Another possibility with the Mercedes stalling front wing is that it allows an opportunity to play with the linearity of the cars ride height. In particular the proximity of the splitter to the ground at different speeds. Looking at this in comparison to other possible uses, I would suggest this is a more realistic and beneficial solution than those initial proposed (http://scarbsf1.wordpress.com/2011/10/21/mercedes-f-duct-front-wing/).
As has been much discussed, the front wing needs to run as low as possible to create downforce. To achieve this teams run as lower front ride height as possible. The limitation of a low front wing ride height is the front splitter grounding, this becomes an increasing problem as speed increases and the aero load builds up and compresses the front suspension. So at the ‘End of the Straight’ (EOS) at very high speed the car is at its lowest and splitter is grounding. This forces the car to have a higher ride height, to keep the plank from wearing away in the EOS condition. Thus at lower speeds the front ride height is correspondingly higher, compromising the potential of the wing.
If Mercedes stall the front wing as the car reaches top speed, hence above the speed of any corner on the track. Then when the wing stalls, the load on the front axle will suddenly decrease and the front ride height will increase. Effectively the ride heightspeed map is no longer linear. Ride height will decrease linearly at lower speeds, then above the speed of the circuit’s fastest corner, the wing stalls and ride height increases.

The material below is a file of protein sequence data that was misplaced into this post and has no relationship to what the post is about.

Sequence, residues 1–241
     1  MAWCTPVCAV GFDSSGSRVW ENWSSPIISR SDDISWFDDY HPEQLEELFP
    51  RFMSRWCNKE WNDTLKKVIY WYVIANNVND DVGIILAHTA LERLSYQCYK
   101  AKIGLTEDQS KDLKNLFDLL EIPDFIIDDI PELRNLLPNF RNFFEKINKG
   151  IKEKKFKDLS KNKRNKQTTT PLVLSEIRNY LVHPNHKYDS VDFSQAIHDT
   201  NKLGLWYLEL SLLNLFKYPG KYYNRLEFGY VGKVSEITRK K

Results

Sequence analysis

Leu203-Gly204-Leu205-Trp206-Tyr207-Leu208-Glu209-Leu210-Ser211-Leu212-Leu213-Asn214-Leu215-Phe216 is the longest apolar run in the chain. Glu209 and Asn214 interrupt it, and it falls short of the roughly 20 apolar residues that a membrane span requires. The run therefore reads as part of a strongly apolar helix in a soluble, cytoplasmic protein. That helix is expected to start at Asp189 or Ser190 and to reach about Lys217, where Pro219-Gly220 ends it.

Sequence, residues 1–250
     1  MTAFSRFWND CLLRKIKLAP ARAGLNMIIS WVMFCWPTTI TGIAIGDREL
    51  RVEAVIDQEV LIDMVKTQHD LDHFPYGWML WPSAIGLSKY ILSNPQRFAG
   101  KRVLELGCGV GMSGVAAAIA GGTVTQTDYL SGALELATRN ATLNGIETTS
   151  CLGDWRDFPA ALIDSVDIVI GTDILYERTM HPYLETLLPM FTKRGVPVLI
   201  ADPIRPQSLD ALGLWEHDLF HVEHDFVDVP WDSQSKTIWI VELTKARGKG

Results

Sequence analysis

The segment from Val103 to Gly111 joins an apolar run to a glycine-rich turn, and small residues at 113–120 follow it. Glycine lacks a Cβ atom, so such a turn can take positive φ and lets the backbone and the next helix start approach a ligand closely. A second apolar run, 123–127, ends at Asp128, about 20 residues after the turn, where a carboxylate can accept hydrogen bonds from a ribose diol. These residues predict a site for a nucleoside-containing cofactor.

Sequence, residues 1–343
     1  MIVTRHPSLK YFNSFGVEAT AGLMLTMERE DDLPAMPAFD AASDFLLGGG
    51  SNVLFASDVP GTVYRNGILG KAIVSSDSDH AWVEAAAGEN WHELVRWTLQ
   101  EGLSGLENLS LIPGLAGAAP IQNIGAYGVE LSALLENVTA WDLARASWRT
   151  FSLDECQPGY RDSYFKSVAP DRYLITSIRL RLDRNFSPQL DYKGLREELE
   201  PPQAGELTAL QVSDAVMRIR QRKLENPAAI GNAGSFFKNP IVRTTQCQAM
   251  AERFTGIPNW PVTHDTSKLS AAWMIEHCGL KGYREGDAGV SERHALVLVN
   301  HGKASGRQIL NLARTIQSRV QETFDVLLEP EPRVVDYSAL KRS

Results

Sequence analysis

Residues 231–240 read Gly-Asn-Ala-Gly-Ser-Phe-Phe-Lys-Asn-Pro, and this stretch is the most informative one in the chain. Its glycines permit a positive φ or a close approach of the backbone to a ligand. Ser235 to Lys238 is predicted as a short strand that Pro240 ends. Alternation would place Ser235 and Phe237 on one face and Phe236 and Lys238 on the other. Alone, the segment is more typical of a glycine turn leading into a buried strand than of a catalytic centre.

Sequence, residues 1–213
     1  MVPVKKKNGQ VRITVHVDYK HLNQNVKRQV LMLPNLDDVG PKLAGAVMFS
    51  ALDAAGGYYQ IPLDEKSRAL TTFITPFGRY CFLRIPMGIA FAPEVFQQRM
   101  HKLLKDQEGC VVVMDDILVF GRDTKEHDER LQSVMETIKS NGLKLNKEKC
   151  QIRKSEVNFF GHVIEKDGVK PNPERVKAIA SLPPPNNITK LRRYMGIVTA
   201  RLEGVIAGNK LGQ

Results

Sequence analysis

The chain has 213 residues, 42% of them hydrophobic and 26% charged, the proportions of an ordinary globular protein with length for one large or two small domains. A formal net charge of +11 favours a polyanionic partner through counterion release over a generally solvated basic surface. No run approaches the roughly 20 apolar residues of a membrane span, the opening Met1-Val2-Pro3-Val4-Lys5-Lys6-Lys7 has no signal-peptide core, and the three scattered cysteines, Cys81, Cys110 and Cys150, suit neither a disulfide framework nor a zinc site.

What this allows the race engineers to do is shift the ‘ride height curve’ down the map for a lower initial (static) ride height. Knowing that the splitter will not ground in the end of straight condition. Therefore with the unstalled wing having a lower ride height, more downforce can be generated. When the wing is stalled the lack of downforce is less consequential as the car is on the straight. Plus there may still be the small boost in top speed from the lack of induced drag from the stalled wing.
One other potential of such a solution is the front wing grounding. We have seen the midseason version of the Mercedes front wing ground quite easily in some turns this year. So as with splitter ride height, endplate ride height at top speed may become the limiting factor in benefiting from the wing flexing at lower speeds. Stalling the wing on the straight will see the load on the wing decrease and the wing will naturally flex upwards. Giving the opportunity to flex more at slow speeds and have the stall prevent grounding on the straight.
In comparison to the manipulation of the CofP to resolve handling problems I initially proposed, this would be a more likely purpose of the stalling wing. Perhaps more importantly this would be a universal solution, one that other teams could legally adopt in preference to flexible splitters or excessive rear ride height to achieve lower front ride heights.